It is what it is.

Both Gillette boys basketball coaches — Bubba Hladky at Campbell County High School and Rory Williams at Thunder Basin — repeated the sentiment about the new state regional tournament format. Under the new format, the Bolts and Camels play each other in the first round of the regional tournament in a win-or-go-home game.

The top-5 teams in the coaches and media boys basketball rankings are from the East side of the state in Class 4A. Three of the five ranked teams are in the Northeast Quadrant, including Sheridan (No. 1), Thunder Basin (No. 4) and Campbell County (No. 5).

With the Broncs (14-2) locking up the No. 1 seed for regionals to play No. 4 seed Kelly Walsh (2-14), that leaves the Bolts and Camels as the Nos. 2 and 3 seeds to face off in the first round. The winner clinches a trip to state, and the loser goes home.

What that means is this year’s regional makeup guarantees that one of the state’s top 5 teams won’t make it to the state tournament.

“It is what it is, unfortunately,” Williams said. “It’s pretty similar to what volleyball did in the fall. I understand all the health concerns and keeping everybody safe, but the tough part of it is that you’re going to have some good teams that don’t make it.”

CCHS v TBHS boys basketball

Campbell County senior Tanner Lemm’s approach to the basket is disrupted by Cade Ayers of Thunder Basin during Thursday evening’s grudge match between the two talented schools.

During volleyball season, Thunder Basin eliminated Campbell County in the first round of the regional tournament in four sets to clinch a spot in the state tournament.

The basketball teams split the season series 1-1 this year, with Campbell County beating Thunder Basin 68-57 Thursday night and the Bolts taking down the Camels 67-58 last month.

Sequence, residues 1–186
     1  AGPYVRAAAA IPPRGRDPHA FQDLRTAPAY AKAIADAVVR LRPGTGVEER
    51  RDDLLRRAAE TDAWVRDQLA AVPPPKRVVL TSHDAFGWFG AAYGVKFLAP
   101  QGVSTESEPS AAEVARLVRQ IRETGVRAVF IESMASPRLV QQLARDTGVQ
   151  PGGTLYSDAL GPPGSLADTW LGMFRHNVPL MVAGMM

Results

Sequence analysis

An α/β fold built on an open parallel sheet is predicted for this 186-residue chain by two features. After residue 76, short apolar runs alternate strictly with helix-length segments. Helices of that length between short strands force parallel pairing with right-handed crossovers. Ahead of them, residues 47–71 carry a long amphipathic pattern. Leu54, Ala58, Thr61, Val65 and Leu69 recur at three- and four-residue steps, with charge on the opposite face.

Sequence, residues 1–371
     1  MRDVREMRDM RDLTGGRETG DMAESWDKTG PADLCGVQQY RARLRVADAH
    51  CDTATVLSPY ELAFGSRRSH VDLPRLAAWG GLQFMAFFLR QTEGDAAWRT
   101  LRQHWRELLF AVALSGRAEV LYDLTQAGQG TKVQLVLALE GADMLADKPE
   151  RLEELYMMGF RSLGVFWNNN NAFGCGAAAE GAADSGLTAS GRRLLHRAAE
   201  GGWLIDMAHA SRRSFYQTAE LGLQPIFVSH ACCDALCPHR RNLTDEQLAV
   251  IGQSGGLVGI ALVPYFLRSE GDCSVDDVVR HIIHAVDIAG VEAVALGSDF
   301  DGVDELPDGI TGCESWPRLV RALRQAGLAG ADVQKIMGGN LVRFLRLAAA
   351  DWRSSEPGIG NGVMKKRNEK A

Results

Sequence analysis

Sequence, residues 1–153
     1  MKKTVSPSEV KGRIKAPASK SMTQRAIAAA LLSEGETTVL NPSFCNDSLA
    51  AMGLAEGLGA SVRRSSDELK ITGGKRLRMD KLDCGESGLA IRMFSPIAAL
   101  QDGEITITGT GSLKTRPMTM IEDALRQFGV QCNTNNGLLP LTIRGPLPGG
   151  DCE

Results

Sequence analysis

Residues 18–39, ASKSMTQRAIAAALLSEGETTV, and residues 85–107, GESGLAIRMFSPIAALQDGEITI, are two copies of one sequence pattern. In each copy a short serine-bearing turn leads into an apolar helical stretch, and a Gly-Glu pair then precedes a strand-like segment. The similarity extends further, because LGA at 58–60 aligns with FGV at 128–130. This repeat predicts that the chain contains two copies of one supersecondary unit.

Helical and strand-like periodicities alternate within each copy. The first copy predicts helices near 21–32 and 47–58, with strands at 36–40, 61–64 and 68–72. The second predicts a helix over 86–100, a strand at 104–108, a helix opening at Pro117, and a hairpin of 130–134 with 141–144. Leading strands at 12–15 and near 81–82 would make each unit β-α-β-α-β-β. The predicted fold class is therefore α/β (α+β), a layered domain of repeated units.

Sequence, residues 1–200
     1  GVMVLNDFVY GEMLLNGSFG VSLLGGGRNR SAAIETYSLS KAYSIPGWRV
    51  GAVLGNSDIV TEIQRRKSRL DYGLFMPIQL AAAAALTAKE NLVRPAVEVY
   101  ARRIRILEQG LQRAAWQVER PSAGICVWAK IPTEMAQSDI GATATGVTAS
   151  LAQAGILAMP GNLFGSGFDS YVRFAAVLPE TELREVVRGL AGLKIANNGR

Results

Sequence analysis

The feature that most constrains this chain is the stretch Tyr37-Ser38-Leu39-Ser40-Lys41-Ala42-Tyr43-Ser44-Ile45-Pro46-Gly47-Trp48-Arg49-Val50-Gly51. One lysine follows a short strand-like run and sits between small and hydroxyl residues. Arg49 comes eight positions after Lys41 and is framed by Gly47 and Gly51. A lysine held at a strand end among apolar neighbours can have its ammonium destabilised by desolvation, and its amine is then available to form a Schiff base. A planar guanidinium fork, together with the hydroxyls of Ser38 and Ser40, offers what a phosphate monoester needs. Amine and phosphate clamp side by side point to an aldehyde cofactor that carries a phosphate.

While the Bolts program is only in its fourth year of existence, the Camels have a 33-year streak of making the state tournament going back to 1987, according to The last time Campbell County wasn’t in the state tournament, President Ronald Reagan was in office.

“I like the pressure,” TBHS senior Andre Felton said. “The cross-town rivalry has always been a big deal to me and I like that we get to play them to go to state. The emotions are definitely high.”

Williams compared the situation to a college team going into March Madness.

“Everybody is in the same boat and everybody knew what was going to happen a long time ago,” Williams said. “We all played for the best seed possible, so now it’s just win one game and you’re in or lose one game and you’re out.

“Nobody is going to feel sorry for anybody. You’ve got to prepare for one game and hope to get it done.”

In past years, the regional tournament would include eight teams from the East side of the state in a double elimination format. Because of COVID-19, activities directors across the state voted for a new condensed regional format to limit regionals to four teams at each location, with only the top-2 teams surviving the quadrant.